Working with datasets

Datasets are collections of protein structures which can be converted to any of three representations (graphs, voxel grids, or point clouds) depending on your deep learning model. There are various different datasets available, checkout the Overview for a full list.

Let’s download an enzyme dataset from the ProteinShake data repository:

from proteinshake.datasets import EnzymeCommissionDataset
dataset = EnzymeCommissionDataset()

This line will not do much however, because the files for the different resolutions (residue or atom) are lazily fetched from the data repository. To start the download, we can manually access the dataset generator:

proteins = dataset.proteins(resolution='residue')

Now the download will start. dataset.proteins() returns a generator of dictionaries, each dictionary has two entries ('protein' and 'residue') which contain annotations on the protein and residue level, respectively.

For example, we can access the sequence of the protein, which is a protein-level annotation:

protein_dict = next(proteins)
sequence = protein_dict['protein']['sequence']

Other fields included in the protein_dict are the database ID, the coordinates (a residue-level property) and surface accessibility scores (RSA/SASA). Each dataset also has fields specific to their proteins, such as the Enzyme Commission number (protein_dict['protein']['EC']) of the EnzymeCommissionDataset(). See the Dataset() documentation for a full list of attributes.

The protein_dict is not perfectly suited for a deep learning model, which requires tensors of data. Models may use different representations depending on their architecture. Some models can work directly with the coordinates of the protein (the point cloud). On the other hand, a 3D convolutional neural network could use a voxel grid representation, which rasterizes the protein on a regular grid. And lastly, a graph neural network operates on a graph, which can be obtained by connecting residues with their neighbors.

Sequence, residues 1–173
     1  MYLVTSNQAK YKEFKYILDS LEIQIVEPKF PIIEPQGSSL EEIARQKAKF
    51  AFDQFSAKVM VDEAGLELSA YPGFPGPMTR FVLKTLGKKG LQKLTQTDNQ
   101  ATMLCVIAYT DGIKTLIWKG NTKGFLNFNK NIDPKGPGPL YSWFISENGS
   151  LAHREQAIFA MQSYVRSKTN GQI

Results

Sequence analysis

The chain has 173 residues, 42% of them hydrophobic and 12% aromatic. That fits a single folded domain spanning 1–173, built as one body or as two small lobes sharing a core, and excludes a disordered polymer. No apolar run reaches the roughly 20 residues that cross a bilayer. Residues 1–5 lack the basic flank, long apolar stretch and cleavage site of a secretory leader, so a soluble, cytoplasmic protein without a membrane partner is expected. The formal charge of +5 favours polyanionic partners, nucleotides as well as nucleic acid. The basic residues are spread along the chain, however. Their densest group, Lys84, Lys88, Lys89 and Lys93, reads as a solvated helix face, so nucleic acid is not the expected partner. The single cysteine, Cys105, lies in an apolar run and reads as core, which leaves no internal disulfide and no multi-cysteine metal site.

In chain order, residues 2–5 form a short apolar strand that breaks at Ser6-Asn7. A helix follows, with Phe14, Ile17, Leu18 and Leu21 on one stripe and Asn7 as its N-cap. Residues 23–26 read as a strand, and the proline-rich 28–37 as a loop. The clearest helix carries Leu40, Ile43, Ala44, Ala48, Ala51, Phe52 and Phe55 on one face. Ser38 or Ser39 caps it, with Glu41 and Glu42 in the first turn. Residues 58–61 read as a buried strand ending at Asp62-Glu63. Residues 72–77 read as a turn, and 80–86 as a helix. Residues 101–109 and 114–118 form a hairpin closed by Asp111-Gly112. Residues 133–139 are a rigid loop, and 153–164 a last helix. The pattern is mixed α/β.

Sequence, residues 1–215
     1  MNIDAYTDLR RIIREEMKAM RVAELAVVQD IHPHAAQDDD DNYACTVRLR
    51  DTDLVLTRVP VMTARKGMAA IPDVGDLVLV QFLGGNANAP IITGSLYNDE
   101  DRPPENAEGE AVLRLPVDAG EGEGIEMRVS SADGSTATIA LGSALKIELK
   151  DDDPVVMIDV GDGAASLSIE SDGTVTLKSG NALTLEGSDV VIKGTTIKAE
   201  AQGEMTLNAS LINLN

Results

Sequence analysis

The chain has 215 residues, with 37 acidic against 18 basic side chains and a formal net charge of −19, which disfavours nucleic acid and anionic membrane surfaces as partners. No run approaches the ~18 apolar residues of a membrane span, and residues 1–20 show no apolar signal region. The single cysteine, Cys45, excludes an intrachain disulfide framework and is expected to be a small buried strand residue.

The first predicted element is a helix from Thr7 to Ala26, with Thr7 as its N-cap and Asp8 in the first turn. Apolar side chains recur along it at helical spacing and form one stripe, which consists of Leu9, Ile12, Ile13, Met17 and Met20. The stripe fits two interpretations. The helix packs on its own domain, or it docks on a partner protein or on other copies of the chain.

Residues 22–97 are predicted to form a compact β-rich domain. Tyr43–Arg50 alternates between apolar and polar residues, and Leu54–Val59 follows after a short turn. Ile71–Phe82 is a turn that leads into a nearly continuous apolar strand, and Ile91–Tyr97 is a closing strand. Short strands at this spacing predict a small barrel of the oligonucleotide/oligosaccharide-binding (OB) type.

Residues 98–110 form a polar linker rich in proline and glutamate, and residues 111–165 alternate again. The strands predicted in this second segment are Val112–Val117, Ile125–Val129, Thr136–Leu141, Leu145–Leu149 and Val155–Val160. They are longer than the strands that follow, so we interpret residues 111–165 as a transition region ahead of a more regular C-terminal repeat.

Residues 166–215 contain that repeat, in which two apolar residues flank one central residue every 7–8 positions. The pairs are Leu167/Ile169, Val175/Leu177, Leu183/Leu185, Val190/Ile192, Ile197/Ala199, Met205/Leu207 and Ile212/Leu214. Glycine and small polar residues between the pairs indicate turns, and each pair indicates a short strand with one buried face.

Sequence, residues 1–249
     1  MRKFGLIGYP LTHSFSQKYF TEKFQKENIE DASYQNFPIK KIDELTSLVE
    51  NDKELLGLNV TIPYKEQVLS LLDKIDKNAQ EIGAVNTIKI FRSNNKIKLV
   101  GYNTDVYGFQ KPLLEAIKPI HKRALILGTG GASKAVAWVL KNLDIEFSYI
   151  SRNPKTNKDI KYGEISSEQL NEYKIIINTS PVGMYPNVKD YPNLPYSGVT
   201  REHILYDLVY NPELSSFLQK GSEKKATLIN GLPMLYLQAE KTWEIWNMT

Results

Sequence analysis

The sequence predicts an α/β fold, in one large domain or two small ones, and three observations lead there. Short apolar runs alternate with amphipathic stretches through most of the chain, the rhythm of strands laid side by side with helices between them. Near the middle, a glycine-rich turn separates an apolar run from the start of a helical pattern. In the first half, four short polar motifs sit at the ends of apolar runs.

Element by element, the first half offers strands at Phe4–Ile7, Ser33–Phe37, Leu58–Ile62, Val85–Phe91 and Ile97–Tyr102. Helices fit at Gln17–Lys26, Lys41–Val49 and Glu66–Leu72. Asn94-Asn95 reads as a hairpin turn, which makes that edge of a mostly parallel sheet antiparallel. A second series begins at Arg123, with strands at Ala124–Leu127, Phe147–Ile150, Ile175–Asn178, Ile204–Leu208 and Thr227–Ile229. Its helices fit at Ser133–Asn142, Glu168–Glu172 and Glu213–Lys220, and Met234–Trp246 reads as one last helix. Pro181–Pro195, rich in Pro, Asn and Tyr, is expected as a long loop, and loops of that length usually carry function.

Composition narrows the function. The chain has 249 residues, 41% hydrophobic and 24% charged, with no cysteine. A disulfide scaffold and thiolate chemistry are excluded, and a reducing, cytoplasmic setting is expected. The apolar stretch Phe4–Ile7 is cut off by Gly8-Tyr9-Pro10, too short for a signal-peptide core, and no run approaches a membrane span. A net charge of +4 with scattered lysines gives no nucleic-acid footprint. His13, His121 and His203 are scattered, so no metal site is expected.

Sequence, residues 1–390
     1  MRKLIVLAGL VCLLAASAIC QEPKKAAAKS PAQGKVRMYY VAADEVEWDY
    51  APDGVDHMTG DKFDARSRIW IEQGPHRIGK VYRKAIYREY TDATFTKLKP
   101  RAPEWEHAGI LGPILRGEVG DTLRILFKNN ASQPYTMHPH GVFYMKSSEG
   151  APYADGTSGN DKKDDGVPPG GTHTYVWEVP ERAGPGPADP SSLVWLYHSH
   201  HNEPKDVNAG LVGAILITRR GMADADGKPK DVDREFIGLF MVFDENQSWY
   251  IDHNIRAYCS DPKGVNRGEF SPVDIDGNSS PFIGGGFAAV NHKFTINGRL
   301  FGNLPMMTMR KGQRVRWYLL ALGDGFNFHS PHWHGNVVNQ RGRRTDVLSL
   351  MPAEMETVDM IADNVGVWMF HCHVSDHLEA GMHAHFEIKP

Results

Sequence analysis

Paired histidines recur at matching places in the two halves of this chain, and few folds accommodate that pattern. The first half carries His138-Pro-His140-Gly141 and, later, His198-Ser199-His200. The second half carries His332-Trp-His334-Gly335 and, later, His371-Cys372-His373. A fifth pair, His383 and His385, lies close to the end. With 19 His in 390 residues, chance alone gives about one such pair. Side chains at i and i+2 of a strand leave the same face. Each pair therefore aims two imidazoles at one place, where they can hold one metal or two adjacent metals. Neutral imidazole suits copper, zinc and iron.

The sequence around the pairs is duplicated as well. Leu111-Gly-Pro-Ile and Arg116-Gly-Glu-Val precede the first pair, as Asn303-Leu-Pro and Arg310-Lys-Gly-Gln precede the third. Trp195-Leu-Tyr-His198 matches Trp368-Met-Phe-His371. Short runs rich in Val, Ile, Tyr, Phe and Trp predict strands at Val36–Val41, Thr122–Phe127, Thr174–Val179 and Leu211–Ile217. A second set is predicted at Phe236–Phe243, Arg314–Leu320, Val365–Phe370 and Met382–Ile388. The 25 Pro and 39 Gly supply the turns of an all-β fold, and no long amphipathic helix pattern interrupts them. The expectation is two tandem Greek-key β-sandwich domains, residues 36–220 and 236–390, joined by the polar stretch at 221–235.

ProteinShake therefore provides converters for all of these architectures. They can simply be chained to the dataset which will result in a new dataset that is formatted accordingly:

dataset = EnzymeCommissionDataset().to_voxel()

The .to_voxel() method can also be replaced with .to_graph() or .to_point().

There is not many things you can do with this dataset though, because it is a transitional object. Its purpose is to be converted further to your framework of choice:


Make sure you have installed the necessary frameworks.

dataset = EnzymeCommissionDataset().to_voxel().torch()

where .torch() can be replaced by any of .tf(), .np(), dgl(), .pyg(), or .nx().

This object now is an iterable dataset which returns a tuple:

data, protein_dict = dataset[0]

The data object is the protein structure converted to (in this case) a voxel grid in PyTorch tensor format. It depends on the converter and framework you used. The protein_dict is the same as before. You can use it to access annotations of the protein, for example to obtain class labels for your training.

To automate this, we provide a transforms interface.

import torch

def my_transform(item):
    data, protein_dict = item
    label = protein_dict['protein']['EC']
    # the EC number is a string looking like ""
    # let's use only the first EC level as the label here
    label = int(label.split('.')[0])
    return data, torch.tensor(label)

dataset = EnzymeCommissionDataset().to_voxel().torch(transform=my_transform)

This little snippet will automatically convert your target label to a tensor on the fly, everytime you access a protein. The dataset __getitem__ now returns a tuple with the protein structure data and a label tensor, which can conveniently be used during training.

The framework method also provides a pre_transform argument for applying the transform only once before saving the data, so it will not run every time you access a protein. See the Documentation for more information.